Photorealistic Material Editing Through Direct Image Manipulation – Summary

This work enables artists without photorealistic rendering experience to reuse their knowledge in image editing to create a target material. Then, after showing this sample to our learning-based method, it finds the closest photorealistic material to match it.

Abstract

Creating photorealistic materials for light transport algorithms requires carefully fine-tuning a set of material properties to achieve a desired artistic effect. This is typically a lengthy process that involves a trained artist with specialized knowledge. In this work, we present a technique that aims to empower novice and intermediate-level users to synthesize high-quality photorealistic materials by only requiring basic image processing knowledge. In the proposed workflow, the user starts with an input image and applies a few intuitive transforms (e.g., colorization, image inpainting) within a 2D image editor of their choice, and in the next step, our technique produces a photorealistic result that approximates this target image. Our method combines the advantages of a neural network-augmented optimizer and an encoder neural network to produce high-quality output results within 30 seconds. We also demonstrate that it is resilient against poorly-edited target images and propose a simple extension to predict image sequences with a strict time budget of 1-2 seconds per image.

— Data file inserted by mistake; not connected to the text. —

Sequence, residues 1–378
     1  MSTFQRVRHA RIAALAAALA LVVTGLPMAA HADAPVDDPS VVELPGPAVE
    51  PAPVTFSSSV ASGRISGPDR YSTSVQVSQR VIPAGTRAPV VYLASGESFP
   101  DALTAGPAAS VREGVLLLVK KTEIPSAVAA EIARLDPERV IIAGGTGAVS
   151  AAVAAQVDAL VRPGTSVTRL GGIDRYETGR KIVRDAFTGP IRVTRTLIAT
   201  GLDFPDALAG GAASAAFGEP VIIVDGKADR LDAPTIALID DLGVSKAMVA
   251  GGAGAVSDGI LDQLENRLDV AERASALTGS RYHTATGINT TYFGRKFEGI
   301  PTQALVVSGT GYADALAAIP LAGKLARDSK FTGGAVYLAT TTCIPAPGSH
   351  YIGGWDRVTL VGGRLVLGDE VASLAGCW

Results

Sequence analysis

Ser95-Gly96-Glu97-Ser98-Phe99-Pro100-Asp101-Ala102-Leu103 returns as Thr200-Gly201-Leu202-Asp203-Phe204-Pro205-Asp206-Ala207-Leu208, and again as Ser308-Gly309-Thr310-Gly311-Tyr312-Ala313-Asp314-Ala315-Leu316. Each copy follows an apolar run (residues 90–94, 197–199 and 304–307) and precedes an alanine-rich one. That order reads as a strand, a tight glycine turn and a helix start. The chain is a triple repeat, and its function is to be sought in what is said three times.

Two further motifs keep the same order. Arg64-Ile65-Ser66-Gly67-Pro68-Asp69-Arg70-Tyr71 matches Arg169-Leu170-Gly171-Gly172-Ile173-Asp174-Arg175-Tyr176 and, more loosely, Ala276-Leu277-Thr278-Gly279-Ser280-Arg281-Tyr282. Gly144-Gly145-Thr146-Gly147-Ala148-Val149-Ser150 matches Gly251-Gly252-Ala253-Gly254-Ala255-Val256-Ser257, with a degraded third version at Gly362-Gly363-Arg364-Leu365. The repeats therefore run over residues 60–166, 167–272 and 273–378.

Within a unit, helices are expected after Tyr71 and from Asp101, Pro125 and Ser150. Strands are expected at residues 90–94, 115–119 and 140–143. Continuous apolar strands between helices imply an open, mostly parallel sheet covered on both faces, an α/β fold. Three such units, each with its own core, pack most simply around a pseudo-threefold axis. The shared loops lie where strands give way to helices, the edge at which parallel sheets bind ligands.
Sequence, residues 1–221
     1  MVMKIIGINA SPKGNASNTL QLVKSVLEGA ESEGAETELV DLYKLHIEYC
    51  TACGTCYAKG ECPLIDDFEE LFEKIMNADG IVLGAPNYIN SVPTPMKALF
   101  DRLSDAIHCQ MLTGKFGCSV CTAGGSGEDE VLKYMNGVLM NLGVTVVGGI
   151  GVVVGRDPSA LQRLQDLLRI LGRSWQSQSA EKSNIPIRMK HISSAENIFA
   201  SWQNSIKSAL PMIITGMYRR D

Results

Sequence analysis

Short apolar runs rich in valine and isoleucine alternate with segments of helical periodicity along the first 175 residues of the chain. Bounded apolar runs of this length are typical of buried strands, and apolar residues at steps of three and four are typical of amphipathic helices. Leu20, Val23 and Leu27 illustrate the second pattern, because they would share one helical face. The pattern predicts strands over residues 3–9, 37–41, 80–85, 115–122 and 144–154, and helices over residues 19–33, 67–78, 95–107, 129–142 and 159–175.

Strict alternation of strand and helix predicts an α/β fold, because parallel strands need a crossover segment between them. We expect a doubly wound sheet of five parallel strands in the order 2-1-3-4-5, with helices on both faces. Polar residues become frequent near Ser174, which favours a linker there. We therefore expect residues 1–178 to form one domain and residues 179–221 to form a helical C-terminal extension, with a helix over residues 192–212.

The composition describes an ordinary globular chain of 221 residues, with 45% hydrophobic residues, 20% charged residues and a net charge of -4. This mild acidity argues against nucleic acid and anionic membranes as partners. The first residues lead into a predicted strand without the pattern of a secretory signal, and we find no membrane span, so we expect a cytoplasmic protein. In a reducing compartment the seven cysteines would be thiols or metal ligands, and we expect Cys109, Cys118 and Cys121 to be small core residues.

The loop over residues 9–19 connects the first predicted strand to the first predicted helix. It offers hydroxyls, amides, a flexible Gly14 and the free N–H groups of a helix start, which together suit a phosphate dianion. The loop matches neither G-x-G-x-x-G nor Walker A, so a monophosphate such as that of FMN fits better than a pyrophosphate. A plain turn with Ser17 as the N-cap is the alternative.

Keywords: neural networks, photorealistic rendering, neural rendering, photorealistic material editing

This paper is under the permissive CC-BY license. The source code is under the even more permissive MIT license. Feel free to reuse the materials and hack away at the code! If you built something on top of this, please drop me a message – I’d love to see where others take these ideas and will leave links to the best ones here.

Resources

Changelog:
2019/09/11 – Published the tech report.

Acknowledgments

We would like to thank Reynante Martinez for providing us the geometry and some of the materials for the Paradigm (Fig. 1) and Genesis scenes (Fig. 3), ianofshields for the Liquify scene that served as a basis for Fig. 9, Robin Marin for the material test scene, Andrew Price and Gábor Mészáros for their help with geometry modeling, Felícia Zsolnai-Fehér for her help improving our figures, Christian Freude, David Ha, Philipp Erler and Adam Celarek for their useful comments. We also thank NVIDIA for providing the hardware to train our neural networks. This work was partially funded by Austrian Science Fund (FWF), project number P27974.

Bibtex

@misc{zsolnaifeher2019pme,
    title={Photorealistic Material Editing Through Direct Image Manipulation},
    author={Károly Zsolnai-Fehér and Peter Wonka and Michael Wimmer},
    year={2019},
    eprint={1909.11622},
    archivePrefix={arXiv},
    primaryClass={cs.GR}
}